Will cuts to foster care cost more in the long run?

ST. PETERSBURG, Fla. — Mental health professionals will tell you there are children across the Tampa Bay area who have been through hell. Many have been ripped out of the care of their parents due to abuse, neglect, or even death. Some are forced to live in a stranger’s home and, in some instances, children in state care will live in dozens of foster care homes while waiting to be adopted.

The experience can be traumatic, but for those young people who age out of the system, they’re getting a rude awakening. Florida lawmakers want to cut back on how long it will pay to help them get their lives on track. It’s a move that is expected to save Florida nearly $11.7 million.

April White, 21, of St. Petersburg has been through more heartache and disappointment in her young life than most experience in a lifetime. She was born into state care when her mother gave birth to her in prison.

With a tear rolling down her cheek, White says, “The people that I thought loved me just didn’t. I felt like they didn’t care about me at all. When I was 2 years old, I got adopted by my grandmother and I was placed back in care at 5 due to physical abuse.”

White went through 32 different foster homes between the ages of 5 and 12. She was eventually adopted by her case worker, but was returned to state care a second time when she was 16. She aged out of the system before she could find a permanent home.

White says she’s managed to make a life for herself despite that, though, with financial help from Florida’s “Road to Independence” program. It’s where the state gives people just like her between the ages of 13 and 23 a monthly stipend.

Kathy Mize is the executive director of Ready for Life, which is a private organization. It’s part of a statewide organization called Florida Youth Shine, which has chapters across Florida.

Mize’s organization helps connect young people who’ve aged out of the system with the resources they need to become successful in life. She says the Road to Independence program provides those young people with the skills most will never have a chance to attain because they don’t have parents.

She says, “Providing life skills training, help with things like budgeting, how to find your first apartment, bank accounts, just everything a parent would teach their child as they’re growing up and moving out on their own.”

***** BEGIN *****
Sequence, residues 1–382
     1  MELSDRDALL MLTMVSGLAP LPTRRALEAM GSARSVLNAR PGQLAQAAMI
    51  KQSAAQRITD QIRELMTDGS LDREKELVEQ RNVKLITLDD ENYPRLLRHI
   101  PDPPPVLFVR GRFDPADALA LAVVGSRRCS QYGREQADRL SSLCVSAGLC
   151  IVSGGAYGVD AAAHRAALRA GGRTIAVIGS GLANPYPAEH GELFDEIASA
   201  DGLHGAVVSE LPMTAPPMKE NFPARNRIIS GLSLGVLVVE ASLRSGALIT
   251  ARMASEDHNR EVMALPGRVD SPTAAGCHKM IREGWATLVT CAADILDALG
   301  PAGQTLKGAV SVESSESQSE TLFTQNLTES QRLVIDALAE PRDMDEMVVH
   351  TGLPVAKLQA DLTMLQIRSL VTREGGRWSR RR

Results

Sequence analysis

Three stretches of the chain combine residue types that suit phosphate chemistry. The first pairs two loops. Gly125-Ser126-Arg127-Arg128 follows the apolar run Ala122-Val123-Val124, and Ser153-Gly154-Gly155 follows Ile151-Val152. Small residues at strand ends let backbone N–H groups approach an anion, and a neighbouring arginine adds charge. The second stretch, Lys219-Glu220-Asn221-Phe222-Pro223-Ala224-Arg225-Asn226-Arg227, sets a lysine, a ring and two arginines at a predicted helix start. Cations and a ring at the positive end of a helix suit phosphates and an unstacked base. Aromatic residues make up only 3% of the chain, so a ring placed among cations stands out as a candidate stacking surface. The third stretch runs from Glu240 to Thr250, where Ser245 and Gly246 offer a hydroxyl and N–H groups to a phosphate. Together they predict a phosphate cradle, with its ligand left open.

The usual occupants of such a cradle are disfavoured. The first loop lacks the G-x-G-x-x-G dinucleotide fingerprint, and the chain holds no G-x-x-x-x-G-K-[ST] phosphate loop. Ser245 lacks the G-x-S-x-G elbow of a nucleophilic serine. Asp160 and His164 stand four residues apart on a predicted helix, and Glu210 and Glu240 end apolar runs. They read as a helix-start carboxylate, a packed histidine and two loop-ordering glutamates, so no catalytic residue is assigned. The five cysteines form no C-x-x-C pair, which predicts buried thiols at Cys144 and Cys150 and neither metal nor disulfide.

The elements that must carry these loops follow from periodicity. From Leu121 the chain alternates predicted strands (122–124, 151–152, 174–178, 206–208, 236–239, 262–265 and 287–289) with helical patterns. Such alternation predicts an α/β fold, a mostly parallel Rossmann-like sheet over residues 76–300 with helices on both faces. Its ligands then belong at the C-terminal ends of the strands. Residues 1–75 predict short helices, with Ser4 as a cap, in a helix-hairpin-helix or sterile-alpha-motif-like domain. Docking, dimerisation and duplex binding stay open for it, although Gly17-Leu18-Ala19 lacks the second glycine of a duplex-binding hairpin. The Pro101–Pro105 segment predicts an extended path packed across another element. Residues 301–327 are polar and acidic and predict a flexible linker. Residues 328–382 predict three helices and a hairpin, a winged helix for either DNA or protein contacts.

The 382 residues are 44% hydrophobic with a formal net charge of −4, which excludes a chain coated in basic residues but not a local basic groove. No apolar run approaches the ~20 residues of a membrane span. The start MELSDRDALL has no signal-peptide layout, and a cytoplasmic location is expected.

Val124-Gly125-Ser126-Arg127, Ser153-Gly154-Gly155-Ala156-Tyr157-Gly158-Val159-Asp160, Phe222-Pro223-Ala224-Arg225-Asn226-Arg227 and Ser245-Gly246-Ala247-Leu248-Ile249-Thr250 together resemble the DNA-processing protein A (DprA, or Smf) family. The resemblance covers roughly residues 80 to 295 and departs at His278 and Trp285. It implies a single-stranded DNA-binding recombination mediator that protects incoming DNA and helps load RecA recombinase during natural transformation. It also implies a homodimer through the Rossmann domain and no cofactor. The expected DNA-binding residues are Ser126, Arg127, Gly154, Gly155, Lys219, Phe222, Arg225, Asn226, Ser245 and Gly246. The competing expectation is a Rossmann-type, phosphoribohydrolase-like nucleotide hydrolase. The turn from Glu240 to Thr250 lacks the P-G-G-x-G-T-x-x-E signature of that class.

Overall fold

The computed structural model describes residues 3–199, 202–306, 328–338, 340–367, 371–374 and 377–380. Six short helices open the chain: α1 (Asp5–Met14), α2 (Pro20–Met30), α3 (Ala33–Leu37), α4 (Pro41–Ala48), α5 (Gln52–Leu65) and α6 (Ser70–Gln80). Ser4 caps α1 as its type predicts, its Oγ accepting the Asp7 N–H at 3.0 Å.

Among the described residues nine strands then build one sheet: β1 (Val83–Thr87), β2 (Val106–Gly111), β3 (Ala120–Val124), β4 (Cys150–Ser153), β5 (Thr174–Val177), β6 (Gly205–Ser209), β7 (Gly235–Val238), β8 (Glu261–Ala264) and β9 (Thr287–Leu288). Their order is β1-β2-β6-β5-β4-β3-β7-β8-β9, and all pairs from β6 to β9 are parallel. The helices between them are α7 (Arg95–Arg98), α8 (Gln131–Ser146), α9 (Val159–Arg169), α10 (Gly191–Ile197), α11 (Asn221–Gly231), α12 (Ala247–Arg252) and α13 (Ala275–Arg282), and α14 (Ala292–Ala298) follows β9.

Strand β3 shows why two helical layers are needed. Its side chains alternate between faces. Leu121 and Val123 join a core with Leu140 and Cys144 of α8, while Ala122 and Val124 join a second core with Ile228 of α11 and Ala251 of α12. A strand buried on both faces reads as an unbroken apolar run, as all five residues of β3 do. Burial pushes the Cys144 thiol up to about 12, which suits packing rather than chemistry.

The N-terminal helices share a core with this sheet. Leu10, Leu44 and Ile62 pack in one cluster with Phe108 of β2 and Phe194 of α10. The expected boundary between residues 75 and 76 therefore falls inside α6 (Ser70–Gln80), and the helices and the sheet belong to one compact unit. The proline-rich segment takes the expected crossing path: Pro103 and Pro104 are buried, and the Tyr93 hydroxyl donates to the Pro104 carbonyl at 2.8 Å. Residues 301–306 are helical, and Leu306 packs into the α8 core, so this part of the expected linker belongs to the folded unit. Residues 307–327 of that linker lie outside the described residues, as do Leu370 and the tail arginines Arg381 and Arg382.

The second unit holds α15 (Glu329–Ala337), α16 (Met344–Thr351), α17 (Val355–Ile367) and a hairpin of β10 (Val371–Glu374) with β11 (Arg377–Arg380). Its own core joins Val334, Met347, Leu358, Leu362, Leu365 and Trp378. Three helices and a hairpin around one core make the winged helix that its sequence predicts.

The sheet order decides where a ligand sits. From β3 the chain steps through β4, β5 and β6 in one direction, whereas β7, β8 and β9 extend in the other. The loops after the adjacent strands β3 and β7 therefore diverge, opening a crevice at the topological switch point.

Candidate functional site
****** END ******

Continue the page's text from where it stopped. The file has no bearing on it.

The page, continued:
Lawmakers in Tallahassee want to push back how long the Road to Independence program will financially support people like April. Many of them want to cut off help at the age of 21.

Republican Representative Matt Hudson of Naples supports the proposal. “I think most people would say, ‘Hey, you know, there comes a point when you have to be responsible for yourself.’ Yes, there were certain provisions in your life that were challenging, there were hurdles and obstacles that were even cruddy, but you know what? There comes a point when you say, ‘You know what? I’m going to stand up for myself and I’m going to take care of myself.'”

But Mize says the young people who age out of the foster care system are different than most other young people. She says that’s because of the trauma these young people have experienced. She says, “Many of them are still in high school when they turn 18 or they’re trying to get their GED — some all the way from 21 to 22. So even though our lawmakers think 21 is plenty of time for them to be connected, to be stable, to be on their own, it really isn’t. From 21 to 23 is really a critical time for them. That’s when we see a lot of stability occur.”

Mize adds, “Moving forward in their education, getting a job. I think if we cut that off at 21 we’re going to have far more issues with young people dropping out of school, young people not having a place to live, being homeless. I think that extra two years is really making a huge difference in their life. We are going to have more youth that may be parenting and not have the support they need so their children will end up in our system.”

April says the funding has made a difference in her life, which is the main reason she says she traveled to Tallahassee this week to share her life story with lawmakers. She’s using her stipend to study social work at St. Petersburg College.

April turns 22 on Thursday and works part-time at Ready for Life helping other young people going through the same issues she’s faced.


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